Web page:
How Personal Bankruptcy Affects your Taxes (Part II)

In Part I, we looked at the two types of personal bankruptcy, Chapter 7 & 13, and the primary differences between each. Now we will discuss how a bankruptcy filing may impact your taxes. Here are some three common questions that often come up:

Can Tax Debts be discharged through Bankruptcy?

Under the current bankruptcy laws, tax debts are treated the same in both Chapter 7 and 13. You may be eligible to have your past tax debts discharged, but only if you meet certain criteria:

  1. The tax filing due date for the debt in question must be at least three years prior to the bankruptcy filing.
  2. The actual tax return filing must be at least two years prior to the bankruptcy filing.
  3. If this is a case where there was a tax assessment done, it must have occurred at least 240 days prior to the bankruptcy filing.
  4. The debtor must not have filed a fraudulent tax return.
  5. The debtor must not have been found guilty of tax evasion.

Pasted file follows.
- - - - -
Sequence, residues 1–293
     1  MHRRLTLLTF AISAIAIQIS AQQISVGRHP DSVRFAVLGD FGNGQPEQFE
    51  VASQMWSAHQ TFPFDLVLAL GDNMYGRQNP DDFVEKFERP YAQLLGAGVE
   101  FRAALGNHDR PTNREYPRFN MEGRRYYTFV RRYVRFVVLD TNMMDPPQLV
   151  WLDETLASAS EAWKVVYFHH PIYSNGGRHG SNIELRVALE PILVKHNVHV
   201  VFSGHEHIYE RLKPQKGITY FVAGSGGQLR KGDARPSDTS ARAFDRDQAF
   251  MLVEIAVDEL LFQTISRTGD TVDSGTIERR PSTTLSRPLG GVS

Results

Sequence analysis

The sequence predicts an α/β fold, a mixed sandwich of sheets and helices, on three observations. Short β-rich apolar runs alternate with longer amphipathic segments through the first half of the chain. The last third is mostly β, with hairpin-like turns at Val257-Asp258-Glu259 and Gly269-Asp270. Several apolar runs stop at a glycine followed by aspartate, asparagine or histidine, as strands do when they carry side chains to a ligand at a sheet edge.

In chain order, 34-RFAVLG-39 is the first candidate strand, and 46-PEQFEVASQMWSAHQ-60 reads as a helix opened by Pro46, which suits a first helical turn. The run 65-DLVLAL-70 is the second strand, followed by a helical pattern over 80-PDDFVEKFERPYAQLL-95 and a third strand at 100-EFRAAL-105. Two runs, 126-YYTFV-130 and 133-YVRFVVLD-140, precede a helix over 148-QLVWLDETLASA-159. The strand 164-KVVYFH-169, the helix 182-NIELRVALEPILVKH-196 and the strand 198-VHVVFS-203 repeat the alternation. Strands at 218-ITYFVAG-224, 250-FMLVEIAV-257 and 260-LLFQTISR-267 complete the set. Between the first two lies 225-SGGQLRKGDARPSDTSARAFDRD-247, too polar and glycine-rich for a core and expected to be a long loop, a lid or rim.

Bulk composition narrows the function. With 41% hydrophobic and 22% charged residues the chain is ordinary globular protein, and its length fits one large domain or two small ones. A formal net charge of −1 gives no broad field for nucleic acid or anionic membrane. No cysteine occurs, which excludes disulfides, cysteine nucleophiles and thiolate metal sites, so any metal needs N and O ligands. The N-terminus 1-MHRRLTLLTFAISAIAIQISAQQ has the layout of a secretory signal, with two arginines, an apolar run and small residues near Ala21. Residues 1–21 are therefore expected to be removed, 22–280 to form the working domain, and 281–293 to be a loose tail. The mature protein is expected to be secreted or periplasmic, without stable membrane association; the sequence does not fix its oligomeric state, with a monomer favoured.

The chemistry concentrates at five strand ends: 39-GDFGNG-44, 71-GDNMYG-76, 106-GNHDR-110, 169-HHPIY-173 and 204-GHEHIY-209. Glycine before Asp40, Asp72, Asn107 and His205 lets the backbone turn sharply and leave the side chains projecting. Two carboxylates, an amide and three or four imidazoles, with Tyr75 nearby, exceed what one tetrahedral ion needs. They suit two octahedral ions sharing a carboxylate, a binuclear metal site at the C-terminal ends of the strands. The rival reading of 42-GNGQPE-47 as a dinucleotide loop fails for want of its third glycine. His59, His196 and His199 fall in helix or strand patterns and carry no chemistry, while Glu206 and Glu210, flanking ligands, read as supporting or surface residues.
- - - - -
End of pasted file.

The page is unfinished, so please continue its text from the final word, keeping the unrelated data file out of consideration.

6. If the tax debt in question was incurred during a tax year in which the debtor did not file a return, then the debt is not dischargeable through bankruptcy.

In short, if you have been filing your returns each year and your tax debt is at least three years old at the time you file bankruptcy, it will most likely be discharged provided you meet all of the other filing qualifications.

Am I responsible to pay income taxes on debt discharged through bankruptcy? No. This is one of the advantages of seeking bankruptcy protection; debt discharged is not subject to taxes. Under normal circumstances, this may not always be the case. For example, if you owed a total of $50,000 in credit card debt and negotiated a settlement (directly with the creditor) of $25,000 as paid in full, you may be responsible for income taxes on the $25,000, which was forgiven.

Do I need to file any additional forms during the tax year that I filed bankruptcy? For a consumer bankruptcy, the answer is no. You should be aware, however, that while you are filing your annual 1040 as usual, the bankruptcy trustee would also be filing a 1041 for the bankruptcy estate. In the case of a Chapter 11 bankruptcy (usually filed by a corporation), however, the debtor typically also acts as the bankruptcy trustee and is responsible to file both the 1040 and 1041.

There are other factors that may impact how you should file your income taxes either before or after filing a personal bankruptcy. For additional guidance, speak with a qualified tax professional that can help make sure you start your post-bankruptcy life on the right foot.

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